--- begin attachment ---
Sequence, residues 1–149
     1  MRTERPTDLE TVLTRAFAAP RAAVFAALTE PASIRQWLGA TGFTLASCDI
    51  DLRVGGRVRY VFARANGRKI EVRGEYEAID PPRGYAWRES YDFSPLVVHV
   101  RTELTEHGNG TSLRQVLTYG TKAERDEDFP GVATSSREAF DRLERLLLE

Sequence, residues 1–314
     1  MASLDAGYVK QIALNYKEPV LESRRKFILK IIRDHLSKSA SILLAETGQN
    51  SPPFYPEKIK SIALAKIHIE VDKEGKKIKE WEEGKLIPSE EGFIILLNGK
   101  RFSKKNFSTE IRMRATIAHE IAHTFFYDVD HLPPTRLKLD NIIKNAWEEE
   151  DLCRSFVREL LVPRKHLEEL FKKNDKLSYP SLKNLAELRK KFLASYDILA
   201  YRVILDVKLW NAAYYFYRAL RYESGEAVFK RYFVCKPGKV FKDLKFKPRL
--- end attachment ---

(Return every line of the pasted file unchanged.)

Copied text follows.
Sequence, residues 1–149
     1  MRTERPTDLE TVLTRAFAAP RAAVFAALTE PASIRQWLGA TGFTLASCDI
    51  DLRVGGRVRY VFARANGRKI EVRGEYEAID PPRGYAWRES YDFSPLVVHV
   101  RTELTEHGNG TSLRQVLTYG TKAERDEDFP GVATSSREAF DRLERLLLE

Sequence, residues 1–314
     1  MASLDAGYVK QIALNYKEPV LESRRKFILK IIRDHLSKSA SILLAETGQN
    51  SPPFYPEKIK SIALAKIHIE VDKEGKKIKE WEEGKLIPSE EGFIILLNGK
   101  RFSKKNFSTE IRMRATIAHE IAHTFFYDVD HLPPTRLKLD NIIKNAWEEE
   151  DLCRSFVREL LVPRKHLEEL FKKNDKLSYP SLKNLAELRK KFLASYDILA
   201  YRVILDVKLW NAAYYFYRAL RYESGEAVFK RYFVCKPGKV FKDLKFKPRL